Joe Hockey continued his tirade of garnering the support of low-income households with well-thought out policy last week by proclaiming that the poorest Australians either don’t drive or don’t drive very far and thus won’t be affected by an increased fuel excise. JORDAN HYLAK explains how ‘progressive’ taxes generally take more into account than hearsay about them poor ne-er do wells.
Last week, Joe Hockey has come out stating that poor people don’t drive cars, or if they do, they don’t drive very far. This was his justification for the fuel excise he is putting forward. As expected social media blew up, and in response I’ve tried to look at the excise from multiple perspectives to get a balanced idea of the scenario and Hockey’s reasoning.
To get my bias out of the way, I’m a resident of Western Sydney. I wouldn’t consider myself poor, but I’m not throwin’ out the ‘hunnits, hunnits’ either. In comparison to generalisations about my area however, I’m pretty well off. I’m also a car guy, a ‘motoring enthusiast’. I like cars, I like buying them, modifying them, driving them; and spending money on them. So decisions around driving and motoring issues, strike a match with me personally much more than other political matters.
To the matter at hand, the statement that most poor people don’t own cars is simply not true. Come to the ‘poor’ areas Mr Hockey, I’m sure you’d be surprised to see a lot of cars. They’re in the streets, driveways and roads. More importantly, the cars driven by the so called, ‘poor’ are predominantly, old, used and beaten up cars, and you know what that means? They use more petrol. They use more petrol than brand new, refined cars. They use more petrol than ‘rich people’ cars. I guarantee you, a ‘poor’ resident driving a beaten up 1994 VR Holden Commodore, pays much more in fuel then a brand new 2014 328d BMW. Not only that, when you think about the cost in proportion to income, the richest Australians spend approximately 1.4% of their income on fuel, while the lowest income households spend about 4.5%. The richest Australians can afford fuel while still living a comfortable life, but that old Commodore is really going to cost you.
The point I’m trying to bring across is that the excise will hit those less well-off more harshly than the rich. Even though they may or may not fill up as often as the rich, the money they do spend on it represents a greater proportion of their total income: A much greater proportion. The fuel excise is not progressive because it starts to affect the propensity for poorer people to save money, widening the wealth gap in Australia.
“The Conversation” recently did a ‘fact check’ on this subject and found that what Mr Hockey stated was supported by statistics, however, while poor-er people did own fewer cars, it was only slightly less than the average ‘rich’ person and all but a marginal few still owned at least 1 car. Mr Hockey, you may be using the wrong statistics to back your claims, it doesn’t matter if there are a higher number of rich drivers, or a lower number of poor drivers that drive long distances. Start looking at the percentage of income spent on fuel, and see how proportional it is after that is taken into account.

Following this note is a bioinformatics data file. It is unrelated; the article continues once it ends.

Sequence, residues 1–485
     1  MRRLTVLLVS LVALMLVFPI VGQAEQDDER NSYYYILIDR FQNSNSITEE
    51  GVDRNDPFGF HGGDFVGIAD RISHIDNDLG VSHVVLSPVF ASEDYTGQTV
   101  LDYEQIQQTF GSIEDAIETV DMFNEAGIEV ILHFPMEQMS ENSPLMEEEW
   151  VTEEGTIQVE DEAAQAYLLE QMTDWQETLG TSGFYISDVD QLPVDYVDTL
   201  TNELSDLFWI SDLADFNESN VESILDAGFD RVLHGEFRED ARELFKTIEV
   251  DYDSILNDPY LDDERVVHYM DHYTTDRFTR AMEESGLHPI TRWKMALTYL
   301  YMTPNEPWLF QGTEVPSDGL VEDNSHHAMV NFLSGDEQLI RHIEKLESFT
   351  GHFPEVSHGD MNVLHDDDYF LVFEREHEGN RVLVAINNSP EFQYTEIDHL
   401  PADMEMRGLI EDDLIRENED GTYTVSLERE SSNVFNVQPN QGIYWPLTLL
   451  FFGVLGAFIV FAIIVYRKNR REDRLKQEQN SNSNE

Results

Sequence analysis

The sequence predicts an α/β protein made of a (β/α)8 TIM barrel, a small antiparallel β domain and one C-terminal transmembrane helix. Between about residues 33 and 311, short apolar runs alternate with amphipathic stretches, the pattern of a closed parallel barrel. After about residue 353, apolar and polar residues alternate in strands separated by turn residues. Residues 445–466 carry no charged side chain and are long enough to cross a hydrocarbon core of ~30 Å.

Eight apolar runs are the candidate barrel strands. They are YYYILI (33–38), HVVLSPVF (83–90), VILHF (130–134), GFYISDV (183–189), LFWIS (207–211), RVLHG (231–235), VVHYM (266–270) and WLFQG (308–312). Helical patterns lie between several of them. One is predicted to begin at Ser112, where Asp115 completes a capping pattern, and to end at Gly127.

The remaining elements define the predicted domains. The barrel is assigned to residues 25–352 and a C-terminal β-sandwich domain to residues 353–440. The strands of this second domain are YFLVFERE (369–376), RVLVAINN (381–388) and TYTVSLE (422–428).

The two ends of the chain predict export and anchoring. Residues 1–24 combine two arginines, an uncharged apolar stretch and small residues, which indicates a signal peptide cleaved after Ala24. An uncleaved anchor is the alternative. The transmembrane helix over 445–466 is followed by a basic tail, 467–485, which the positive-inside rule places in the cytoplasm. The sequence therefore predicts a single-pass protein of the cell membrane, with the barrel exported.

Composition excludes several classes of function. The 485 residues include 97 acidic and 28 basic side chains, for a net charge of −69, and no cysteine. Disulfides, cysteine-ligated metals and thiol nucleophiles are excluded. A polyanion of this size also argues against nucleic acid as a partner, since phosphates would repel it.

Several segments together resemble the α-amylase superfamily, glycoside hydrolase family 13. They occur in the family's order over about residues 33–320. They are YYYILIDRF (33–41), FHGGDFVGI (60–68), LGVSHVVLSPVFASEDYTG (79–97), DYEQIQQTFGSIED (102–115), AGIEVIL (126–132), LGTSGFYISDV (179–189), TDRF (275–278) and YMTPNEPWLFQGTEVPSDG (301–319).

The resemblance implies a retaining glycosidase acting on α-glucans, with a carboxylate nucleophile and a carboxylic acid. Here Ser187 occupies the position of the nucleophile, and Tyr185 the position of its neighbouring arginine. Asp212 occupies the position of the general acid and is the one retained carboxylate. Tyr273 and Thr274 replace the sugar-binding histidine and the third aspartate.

Moving away from the economic view of the statement, from a car enthusiasts perspective, fuel is probably one of the cheapest things to do with owning, modifying and driving a car. Between all the other costs, insurance, rego, maintenance and modifying; fuel represents a small proportion (for now). Australians spend an enormous amount of money on motoring: $78.4 billion to be exact. Car enthusiasts range from every area, race and socioeconomic background. Some have it easy, with lots of disposable income to spend on their, hobby, err, no, ‘passion’. Others however, spend every spare dime on what they enjoy. They make sacrifices in diet, housing, friends and even family for what they love, and the excise will affect them; whether they are well-off or not.
From a Public Communication perspective: There were so many better ways to frame the situation. Here are just two of the ways I can think of:
1) If it is true that the funds will go directly into improving roads in Western Sydney due to the upcoming airport project, use the excise to show that it is benefiting the residents of the western suburbs, and how all other drivers are paying for the improvement of the area.
2) A fuel excise could stimulate the sales of more economical, and environmentally sound vehicles, it could represent a commitment to reducing our emissions. Liberals aren’t known for being the best enviro-warriors, but score brownie points wherever you can.
The fuel excise hasn’t come into effect yet, it’s not even made it’s way through parliament, and as such we don’t know exactly what it’s going to do, if anything, and who it’s going to affect. All we have now are just guesses and estimates of our beliefs. Will we even feel the excise with petrol prices already rising at the rate they are, or will it feel like the normal inflation of prices that is already taking place? Whatever pans out, Mr Hockey, you could have handled this better.
 I know this isn’t the best reason, but it remains a factor of many car enthusiasts.
 I’m just a student but someone hire me as a PR agent/political adviser. I can frame things better then Joe Hockey…if that counts for anything
Feature Image via news.com.au
Jordan is a 2nd year Public Communications student who enjoys playing Devils Advocate, stepping off the moral high ground and seeing life in a satirical manner. You can find more of his writing here and he tweets @Hylakkk